As yet another hair metal / 80s hard rock album among many, the finest accolade these songs can achieve is to be distinctly average, while the worst are merely indistinctly poor, but at least aren't completely awful. Vai gets a brief guitar solo track for the pointlessly titled 'Lighter Shade of Green' that only sees him twiddle around a bit and is a poor competitor to Van Halen's definitive 'Eruption,' and his contributions to the rest of the album are mostly restrained to the point that he might as well be anyone.
The stand-out tracks are fun opener 'God Blessed Video,' a tirade against big-selling sell-out bands recording extravagant music videos which "crotch shots for twelve-year-old hopefuls" that I still can't help feeling is motivated more out of jealousy than anything else, and 'Wire and Wood' that manages to sound sufficiently angry and energetic for a change. The aforementioned 'Stripper' is another cool one, but spoiled by distracting keyboard tinges that are far more prominent in the weaker songs (uncoincidentally), and collapses into a bizarre, unintentional self-parody at the end when Bonnet's heartfelt response to the eponymous stripper's dialogue seems to immediately jump from fear to lust ("take your clothes off, babbay!" God).
The rest of the album falls below the line of good taste (well, further below), and offers nothing that can't be heard elsewhere in forms exactly the same or superior. 'Mercy' is inoffensive aside from the vocals, but too dull and plodding to stand out, and the not-at-all-epic 'Desert Diamond' is even more tedious and repetitive, despite an admirable but failed attempt to create a bombastic chorus by placing high wails against low murmurs. 'Will You Be Home Tonight' threatens to be a power ballad before launching into something equally unadventurous and oozing with bad 80s pop rock keyboards from Jimmy Waldo, and this is also the case for 'Skyfire.' 'Painted Lover' and 'Sons and Lovers' are both fairly standard but uninspired and thus pointless hard rock songs, though the second is pleasant enough in a commercial sort of way, while the finale goes for a strange, National Anthemic style in comparing Britain to the United States. It also features more rubbish keyboards.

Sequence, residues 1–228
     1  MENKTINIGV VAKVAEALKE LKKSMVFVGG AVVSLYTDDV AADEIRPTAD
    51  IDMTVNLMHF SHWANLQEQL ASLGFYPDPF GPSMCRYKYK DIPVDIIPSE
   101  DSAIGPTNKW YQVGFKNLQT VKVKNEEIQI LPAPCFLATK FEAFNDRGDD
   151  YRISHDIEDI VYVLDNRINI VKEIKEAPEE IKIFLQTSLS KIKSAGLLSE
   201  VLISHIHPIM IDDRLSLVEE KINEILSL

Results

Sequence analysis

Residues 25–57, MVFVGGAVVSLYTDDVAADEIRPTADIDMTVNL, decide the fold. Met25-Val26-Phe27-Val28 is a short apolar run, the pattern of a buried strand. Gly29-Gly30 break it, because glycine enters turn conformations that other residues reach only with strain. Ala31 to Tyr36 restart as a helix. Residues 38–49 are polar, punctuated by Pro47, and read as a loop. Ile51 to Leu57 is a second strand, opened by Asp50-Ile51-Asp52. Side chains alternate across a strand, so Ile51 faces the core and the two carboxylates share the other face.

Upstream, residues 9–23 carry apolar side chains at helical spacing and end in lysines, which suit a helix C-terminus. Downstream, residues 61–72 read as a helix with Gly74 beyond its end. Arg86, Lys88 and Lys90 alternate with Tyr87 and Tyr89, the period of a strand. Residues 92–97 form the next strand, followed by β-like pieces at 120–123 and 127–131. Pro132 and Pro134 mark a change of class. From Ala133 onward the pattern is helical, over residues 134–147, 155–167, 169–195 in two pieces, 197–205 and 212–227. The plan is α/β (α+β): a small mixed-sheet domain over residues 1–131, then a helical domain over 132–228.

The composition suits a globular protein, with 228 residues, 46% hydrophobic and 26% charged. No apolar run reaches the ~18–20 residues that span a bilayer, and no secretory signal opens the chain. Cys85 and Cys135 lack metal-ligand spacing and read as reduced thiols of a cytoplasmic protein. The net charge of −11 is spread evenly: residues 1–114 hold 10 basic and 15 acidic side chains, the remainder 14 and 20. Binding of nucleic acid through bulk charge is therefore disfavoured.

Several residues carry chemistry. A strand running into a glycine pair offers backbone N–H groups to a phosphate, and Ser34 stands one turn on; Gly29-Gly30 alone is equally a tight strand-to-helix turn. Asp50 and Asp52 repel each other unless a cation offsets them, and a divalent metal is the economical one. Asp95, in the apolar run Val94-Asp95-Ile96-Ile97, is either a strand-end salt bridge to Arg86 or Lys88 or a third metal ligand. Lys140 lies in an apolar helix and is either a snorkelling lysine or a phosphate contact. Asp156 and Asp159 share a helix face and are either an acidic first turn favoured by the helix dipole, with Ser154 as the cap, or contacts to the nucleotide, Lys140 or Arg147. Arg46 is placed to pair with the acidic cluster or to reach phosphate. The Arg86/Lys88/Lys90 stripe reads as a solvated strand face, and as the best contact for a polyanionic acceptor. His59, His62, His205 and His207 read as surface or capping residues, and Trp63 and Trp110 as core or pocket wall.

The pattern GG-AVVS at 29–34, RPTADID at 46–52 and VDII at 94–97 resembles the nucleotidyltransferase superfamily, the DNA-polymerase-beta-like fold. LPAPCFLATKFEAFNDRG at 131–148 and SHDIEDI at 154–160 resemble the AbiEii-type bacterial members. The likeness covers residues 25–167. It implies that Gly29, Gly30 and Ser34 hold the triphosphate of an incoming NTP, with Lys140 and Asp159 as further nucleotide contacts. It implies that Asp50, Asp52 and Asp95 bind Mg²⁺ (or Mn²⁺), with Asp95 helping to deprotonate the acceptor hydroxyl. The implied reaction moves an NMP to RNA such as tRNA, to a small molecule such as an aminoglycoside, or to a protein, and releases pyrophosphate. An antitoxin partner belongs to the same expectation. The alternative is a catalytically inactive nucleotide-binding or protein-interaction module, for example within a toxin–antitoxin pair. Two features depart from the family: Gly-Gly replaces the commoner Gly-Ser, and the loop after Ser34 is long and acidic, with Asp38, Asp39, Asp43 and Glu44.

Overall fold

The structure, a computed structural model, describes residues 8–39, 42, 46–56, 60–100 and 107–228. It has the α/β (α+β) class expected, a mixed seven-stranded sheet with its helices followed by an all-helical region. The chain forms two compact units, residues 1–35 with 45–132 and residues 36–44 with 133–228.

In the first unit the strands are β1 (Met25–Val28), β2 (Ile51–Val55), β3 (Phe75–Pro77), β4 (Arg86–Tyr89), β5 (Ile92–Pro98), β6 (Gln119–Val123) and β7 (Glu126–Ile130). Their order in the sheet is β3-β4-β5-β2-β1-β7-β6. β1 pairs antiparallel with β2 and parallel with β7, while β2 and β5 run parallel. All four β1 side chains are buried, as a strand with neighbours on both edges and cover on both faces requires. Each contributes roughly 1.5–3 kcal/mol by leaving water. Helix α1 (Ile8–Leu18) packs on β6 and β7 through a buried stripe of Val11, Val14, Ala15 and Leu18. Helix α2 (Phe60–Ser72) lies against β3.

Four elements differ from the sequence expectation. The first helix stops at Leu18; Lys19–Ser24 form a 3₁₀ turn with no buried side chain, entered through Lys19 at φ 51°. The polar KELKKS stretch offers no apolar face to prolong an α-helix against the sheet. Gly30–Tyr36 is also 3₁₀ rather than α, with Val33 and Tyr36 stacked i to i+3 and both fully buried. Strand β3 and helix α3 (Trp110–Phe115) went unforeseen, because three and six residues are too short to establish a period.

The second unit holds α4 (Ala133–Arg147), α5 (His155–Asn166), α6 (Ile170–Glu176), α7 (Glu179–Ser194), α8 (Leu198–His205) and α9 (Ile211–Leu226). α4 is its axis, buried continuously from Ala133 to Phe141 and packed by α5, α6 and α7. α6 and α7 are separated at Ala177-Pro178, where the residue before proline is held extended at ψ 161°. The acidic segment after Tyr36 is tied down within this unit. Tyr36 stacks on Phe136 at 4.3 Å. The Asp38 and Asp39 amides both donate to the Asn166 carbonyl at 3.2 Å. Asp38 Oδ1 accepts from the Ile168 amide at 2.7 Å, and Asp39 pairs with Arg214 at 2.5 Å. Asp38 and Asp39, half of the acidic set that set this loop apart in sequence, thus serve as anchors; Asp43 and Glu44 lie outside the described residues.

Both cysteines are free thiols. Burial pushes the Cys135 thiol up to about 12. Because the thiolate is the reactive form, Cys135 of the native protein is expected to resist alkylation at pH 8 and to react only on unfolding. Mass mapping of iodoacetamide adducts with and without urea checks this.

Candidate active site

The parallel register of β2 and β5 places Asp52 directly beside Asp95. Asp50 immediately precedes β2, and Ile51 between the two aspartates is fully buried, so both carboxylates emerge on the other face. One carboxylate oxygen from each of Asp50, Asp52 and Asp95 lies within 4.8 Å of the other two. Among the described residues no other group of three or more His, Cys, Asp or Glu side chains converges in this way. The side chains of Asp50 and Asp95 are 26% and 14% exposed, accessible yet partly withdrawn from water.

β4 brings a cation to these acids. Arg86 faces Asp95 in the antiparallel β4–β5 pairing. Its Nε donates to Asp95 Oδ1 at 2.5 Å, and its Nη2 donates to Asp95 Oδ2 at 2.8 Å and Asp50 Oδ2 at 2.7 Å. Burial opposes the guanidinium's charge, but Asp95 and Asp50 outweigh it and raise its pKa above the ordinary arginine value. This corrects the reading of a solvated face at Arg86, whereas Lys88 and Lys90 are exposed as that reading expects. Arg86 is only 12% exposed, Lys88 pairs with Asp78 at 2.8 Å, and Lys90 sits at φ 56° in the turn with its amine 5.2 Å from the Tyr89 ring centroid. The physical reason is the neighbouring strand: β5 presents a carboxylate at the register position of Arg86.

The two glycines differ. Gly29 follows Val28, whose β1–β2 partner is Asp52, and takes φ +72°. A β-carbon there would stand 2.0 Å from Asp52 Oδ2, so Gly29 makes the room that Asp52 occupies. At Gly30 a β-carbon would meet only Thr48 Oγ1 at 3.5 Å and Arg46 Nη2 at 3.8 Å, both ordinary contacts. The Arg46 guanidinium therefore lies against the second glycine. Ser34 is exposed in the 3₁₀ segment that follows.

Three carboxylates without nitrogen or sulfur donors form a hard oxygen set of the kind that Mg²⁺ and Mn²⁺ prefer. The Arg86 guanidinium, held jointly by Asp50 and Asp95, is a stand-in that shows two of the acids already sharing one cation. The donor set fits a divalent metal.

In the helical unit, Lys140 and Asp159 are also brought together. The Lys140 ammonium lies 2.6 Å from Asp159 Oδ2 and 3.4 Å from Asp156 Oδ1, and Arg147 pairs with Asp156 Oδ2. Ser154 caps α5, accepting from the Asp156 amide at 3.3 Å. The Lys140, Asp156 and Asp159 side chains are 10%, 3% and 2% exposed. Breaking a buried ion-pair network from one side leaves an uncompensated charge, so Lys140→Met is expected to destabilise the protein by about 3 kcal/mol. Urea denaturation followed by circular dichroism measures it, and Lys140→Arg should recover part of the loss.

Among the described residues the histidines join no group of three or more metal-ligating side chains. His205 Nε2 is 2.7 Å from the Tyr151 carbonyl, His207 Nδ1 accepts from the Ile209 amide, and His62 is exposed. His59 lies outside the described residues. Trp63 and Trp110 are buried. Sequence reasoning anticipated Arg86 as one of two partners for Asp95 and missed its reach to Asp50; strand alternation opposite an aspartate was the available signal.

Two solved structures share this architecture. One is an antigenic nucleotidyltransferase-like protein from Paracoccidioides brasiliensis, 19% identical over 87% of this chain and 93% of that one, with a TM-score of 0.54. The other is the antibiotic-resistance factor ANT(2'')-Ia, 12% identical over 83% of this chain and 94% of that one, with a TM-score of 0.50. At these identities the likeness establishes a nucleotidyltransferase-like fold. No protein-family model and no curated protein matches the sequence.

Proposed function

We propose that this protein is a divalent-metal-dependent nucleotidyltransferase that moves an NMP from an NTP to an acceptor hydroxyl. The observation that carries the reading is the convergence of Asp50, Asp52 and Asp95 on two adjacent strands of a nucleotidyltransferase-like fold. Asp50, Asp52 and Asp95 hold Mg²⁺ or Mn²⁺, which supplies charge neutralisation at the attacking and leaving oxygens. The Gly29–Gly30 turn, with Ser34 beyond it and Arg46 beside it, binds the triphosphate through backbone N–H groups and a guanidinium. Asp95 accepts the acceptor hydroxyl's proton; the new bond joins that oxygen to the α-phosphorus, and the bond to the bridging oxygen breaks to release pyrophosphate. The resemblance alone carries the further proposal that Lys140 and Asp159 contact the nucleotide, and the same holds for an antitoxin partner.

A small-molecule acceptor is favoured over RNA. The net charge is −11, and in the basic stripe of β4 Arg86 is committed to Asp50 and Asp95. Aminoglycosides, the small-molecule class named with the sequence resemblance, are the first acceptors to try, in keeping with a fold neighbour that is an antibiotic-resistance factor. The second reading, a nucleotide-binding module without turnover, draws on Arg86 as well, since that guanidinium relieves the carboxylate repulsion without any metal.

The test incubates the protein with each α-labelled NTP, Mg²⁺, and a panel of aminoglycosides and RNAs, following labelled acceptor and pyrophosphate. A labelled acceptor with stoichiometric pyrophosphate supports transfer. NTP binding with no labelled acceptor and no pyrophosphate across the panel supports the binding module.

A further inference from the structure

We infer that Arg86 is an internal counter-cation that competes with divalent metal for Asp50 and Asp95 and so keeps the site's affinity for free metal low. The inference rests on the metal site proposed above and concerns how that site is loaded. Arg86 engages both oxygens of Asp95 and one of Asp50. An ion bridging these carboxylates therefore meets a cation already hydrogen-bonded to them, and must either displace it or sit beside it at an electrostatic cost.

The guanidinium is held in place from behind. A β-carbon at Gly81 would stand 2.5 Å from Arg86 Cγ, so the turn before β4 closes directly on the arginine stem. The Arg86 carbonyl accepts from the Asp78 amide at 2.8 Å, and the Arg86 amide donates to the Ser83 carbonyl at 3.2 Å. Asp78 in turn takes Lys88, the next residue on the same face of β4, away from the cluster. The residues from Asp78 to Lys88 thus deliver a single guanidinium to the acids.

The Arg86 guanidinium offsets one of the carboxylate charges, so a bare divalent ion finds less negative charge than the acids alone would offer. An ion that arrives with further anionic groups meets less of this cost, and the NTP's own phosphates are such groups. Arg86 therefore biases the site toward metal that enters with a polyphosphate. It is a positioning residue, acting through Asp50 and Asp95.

Long believed deceased, Alcatrazz has apparently been reincarnated in two conflicting forms by former members this year, creating a legal feud over which group should be permitted to continue this brand of tedious, outdated glam metal that should never have been permitted to exist in the first place. The band was never one of the worst offenders by any means, remaining fairly low profile and promoting some genuine musical talent before each guitarists sodded off in due course, but 'Disturbing the Peace' is a below average release of 80s rock / metal, which disappoints even in terms of the band's attitude. While their contemporaries were being arrested for sexual assault and drug abuse, the most depraved that Alcatrazz could manage was to contemplate the possibility of annoying their neighbours by playing music slightly too loud in the early evening.
Disc #1 Tracklisting
1 God Blessed Video
2 Mercy Mercy Mercy
3 Will You Be Home Tonight
4 Wire And Wood
5 Desert Diamond
7 Painted Lover
8 Lighter Shade Of Green
9 Sons And Lovers
10 Sky Fire
11 Breaking The Heart Of The City